Quantcast
healthcare

Trump's Four Useless Alternatives to Obamacare

It's all about higher costs and lower protections.

Jason Silverstein

Around 1:30 am on Thursday, Republicans began the process of dismantling Obamacare with a budget resolution, which triggers Congress to get moving on repeal legislation and kicks off the grand public health experiment of seeing what happens when twenty million people suddenly don't have health insurance. The resolution nearly passed straight down party lines, 51-48, with Senator Claire McCaskill (D-MO) objecting, "Because there is no replacement, I vote no."

But we shouldn't worry that Republicans will repeal Obamacare and have nothing to replace it with. Oh god no, it's much worse than that.

Republicans are ready to cherry-pick from a Rolodex of bad ideas, ones that promise a race to the bottom for consumer protection and higher costs for people who need health insurance the most. Here are four of them.

The Plan: Sell insurance across state lines
Why It's a Bad Idea: Conservative health insurance ideas are ironically pro-choice: They feel people should have a choice about the insurance they have, which will increase competition and lower costs. That's why selling insurance across state lines is a Republican fantasy and a talking point that Trump recited in the second presidential debate: "We have to get rid of the lines around the state, artificial lines, where we stop insurance companies from coming in and competing."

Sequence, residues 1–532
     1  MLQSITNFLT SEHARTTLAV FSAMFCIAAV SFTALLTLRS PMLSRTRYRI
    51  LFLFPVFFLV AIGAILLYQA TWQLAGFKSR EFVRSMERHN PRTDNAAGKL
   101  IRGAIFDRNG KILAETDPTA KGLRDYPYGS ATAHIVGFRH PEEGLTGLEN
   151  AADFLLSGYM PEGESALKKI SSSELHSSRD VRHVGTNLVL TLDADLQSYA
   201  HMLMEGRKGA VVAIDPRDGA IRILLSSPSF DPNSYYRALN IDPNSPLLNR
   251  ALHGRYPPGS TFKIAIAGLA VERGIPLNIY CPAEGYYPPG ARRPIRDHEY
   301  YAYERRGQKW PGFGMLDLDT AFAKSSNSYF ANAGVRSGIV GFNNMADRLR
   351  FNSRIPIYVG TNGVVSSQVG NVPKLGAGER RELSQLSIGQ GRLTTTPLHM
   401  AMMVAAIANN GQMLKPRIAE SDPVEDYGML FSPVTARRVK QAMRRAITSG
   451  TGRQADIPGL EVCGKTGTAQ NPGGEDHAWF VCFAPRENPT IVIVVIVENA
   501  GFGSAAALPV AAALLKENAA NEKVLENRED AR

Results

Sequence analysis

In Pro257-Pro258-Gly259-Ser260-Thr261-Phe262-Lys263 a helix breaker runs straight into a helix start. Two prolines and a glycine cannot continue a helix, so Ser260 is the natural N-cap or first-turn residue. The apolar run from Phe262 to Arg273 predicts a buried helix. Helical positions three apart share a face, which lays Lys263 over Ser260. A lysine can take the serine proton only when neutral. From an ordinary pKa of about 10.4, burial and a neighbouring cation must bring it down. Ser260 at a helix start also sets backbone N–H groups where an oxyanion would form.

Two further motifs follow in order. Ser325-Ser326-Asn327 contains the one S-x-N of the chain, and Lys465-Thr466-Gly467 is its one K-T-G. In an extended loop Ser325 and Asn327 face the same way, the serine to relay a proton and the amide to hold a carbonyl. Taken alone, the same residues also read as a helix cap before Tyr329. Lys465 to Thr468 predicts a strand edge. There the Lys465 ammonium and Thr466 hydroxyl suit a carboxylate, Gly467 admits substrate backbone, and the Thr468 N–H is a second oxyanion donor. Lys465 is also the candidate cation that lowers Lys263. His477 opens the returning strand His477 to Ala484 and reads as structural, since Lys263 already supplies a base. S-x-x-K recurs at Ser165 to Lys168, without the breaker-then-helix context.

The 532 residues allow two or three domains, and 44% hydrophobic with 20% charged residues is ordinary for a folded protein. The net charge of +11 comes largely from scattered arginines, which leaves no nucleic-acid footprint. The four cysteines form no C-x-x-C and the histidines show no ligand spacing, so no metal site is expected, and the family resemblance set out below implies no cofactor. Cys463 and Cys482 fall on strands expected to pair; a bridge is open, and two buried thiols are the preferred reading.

What Trump ignores is that the ACA has permitted sales across state lines since January 2016, allowing states to form healthcare choice compacts. The reason this fact is easy to ignore is that most states aren't interested—only three states have signed them into law since the ACA kicked in. Yet conservatives want to make sales across state lines the rule, not the exception.

Here's how it could collapse a market: If State A says healthcare premiums should be the same for healthy people as sick people, then premiums are sure to be higher than in State B, where regulations aren't as strict and prices are lower. State B would attract young, healthy people who want the cheapest rate possible. In turn, State A's pool would become mostly sick people and their rates would soar, which would scare away more people, raising the costs even higher. "The end result is that we could reach a race to the bottom in terms of regulation, where insurance companies gravitate to the loosest regulations and it would be hard for states to impose any sort of consumer protections," says Christine Eibner, a senior economist at the RAND Corporation.

The Plan: High-Risk pools
Why It's a Bad Idea: Health insurance would be very cheap if it weren't for all those sick people, right? Paul Ryan wants to run with that idea and create separate insurance plans for sick people known as state high-risk pools.

But high-risk pools do the opposite of what insurance is supposed to do: Insurance works because cost is spread across a really large group. In a state high-risk pool, however, risk is concentrated into a small group of sick people who have greater medical costs, which means their premiums become very high.